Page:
Fireside Chat about the YIDFF, Japanese Documentary, and Hanzo

The Yamagata International Documentary Film Festival was held online last fall due to the continuing pandemic. That was unfortunate, but as I had previously written about film during the COVID era (here), the pandemic had also opened up opportunities to watch Japanese film and other entertainment media remotely. The YIDFF has now jumped on the bandwagon and is running an online series of some of the best Japanese documentaries in the 30+ years since the festival began in 1989. The platform is DAFilms, which also managed the Flash Forward series, and it is offering the first week free (afterwards, I think you have to be a subscriber). Check it out here.

To go along with the series, the folks at the YIDFF have asked some involved in the festival to look back on those thirty years. Markus Nornes has written a series of illuminating pieces on the YIDFF Facebook page. The film directors Oda Kaori and Dwi Sujanti Nugraheni also recorded a conversation about the trials and tribulations of making indie docs in Asia, which is now available on the YIDFF YouTube channel (here).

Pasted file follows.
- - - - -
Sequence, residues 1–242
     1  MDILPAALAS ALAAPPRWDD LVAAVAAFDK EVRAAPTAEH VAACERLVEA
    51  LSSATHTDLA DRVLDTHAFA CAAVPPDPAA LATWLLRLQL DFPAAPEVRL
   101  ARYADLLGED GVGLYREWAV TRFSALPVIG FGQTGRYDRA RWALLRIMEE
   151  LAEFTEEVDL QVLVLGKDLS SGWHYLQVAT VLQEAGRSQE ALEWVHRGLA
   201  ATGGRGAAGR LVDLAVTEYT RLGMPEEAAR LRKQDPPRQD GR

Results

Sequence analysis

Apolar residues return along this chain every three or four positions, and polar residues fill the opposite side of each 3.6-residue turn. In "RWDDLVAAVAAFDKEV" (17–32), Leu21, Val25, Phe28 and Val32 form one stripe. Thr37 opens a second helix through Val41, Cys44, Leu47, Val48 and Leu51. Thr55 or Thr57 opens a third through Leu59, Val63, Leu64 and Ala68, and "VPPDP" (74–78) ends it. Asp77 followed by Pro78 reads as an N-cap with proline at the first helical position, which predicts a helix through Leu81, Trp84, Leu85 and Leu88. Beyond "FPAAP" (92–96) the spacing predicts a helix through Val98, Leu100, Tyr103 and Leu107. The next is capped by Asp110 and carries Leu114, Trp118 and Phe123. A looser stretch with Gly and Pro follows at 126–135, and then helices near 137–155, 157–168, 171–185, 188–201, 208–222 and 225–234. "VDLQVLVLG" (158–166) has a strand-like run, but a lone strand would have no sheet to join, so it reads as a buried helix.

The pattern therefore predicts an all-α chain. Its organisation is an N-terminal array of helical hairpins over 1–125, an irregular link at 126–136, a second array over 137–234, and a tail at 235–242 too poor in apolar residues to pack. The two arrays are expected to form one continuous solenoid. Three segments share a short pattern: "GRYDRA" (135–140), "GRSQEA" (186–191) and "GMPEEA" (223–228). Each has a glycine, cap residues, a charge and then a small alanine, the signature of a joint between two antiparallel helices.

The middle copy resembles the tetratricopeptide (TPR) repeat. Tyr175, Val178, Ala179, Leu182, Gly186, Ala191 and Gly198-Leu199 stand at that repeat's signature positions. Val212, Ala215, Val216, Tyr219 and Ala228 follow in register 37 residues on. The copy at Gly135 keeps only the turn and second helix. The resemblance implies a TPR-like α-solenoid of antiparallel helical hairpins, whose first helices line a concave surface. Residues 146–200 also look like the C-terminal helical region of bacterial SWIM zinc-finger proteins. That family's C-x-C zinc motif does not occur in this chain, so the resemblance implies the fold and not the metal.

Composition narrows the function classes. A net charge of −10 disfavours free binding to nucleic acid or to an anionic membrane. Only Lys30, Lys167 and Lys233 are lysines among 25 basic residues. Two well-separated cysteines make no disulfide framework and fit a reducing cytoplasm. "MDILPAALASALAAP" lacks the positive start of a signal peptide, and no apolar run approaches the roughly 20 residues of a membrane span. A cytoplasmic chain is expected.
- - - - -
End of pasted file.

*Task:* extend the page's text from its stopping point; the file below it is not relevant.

The YIDFF also asked my wife Ono Seiko and me to make a video. Seiko began working at the YIDFF in 1990 and was long the coordinator of the International Competition, and later the programmer for several important retrospectives for Joris Ivens, Chris Marker, Robert Kramer, and Newsreel. I was involved in the YIDFF from 1993 and was a coordinator of New Asian Currents in 1995, molding that competition into what it is today with Fujioka Asako. 

I'm usually embarrassed to introduce videos I appear in, but we put a good bit of effort into it, so I thought I would mention it. Seiko and I were asked to do a video about our memories of the Yamagata Film Festival and the films showing in the series. It was our first time doing such a video—and Seiko's first doing something like this in English—so not everything went well. We didn't quite do the camera right, and repeatedly forgot to mention this or that. But we managed to get it done, though it is less a serious look at the festival, than a casual, personal, and somewhat humorous chat about what we experienced. At times it looks somewhat like fufu manzai (husband and wife comedy). We were both a bit stiff, but I think the personal touch has its own charm. So watch it with a grain of salt!

The highlight of course is our cat Hanzo, who appears at the end!

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